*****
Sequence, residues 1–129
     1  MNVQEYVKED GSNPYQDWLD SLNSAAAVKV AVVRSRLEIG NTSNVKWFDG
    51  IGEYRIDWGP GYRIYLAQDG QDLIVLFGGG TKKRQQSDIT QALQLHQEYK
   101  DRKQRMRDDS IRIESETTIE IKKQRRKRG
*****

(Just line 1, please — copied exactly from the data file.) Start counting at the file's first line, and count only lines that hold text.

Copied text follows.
Sequence, residues 1–129